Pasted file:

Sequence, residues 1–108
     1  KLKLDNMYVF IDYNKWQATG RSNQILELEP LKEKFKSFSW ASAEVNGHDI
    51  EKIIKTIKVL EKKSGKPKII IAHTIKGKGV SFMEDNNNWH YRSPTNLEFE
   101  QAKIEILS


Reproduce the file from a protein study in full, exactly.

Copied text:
Sequence, residues 1–108
     1  KLKLDNMYVF IDYNKWQATG RSNQILELEP LKEKFKSFSW ASAEVNGHDI
    51  EKIIKTIKVL EKKSGKPKII IAHTIKGKGV SFMEDNNNWH YRSPTNLEFE
   101  QAKIEILS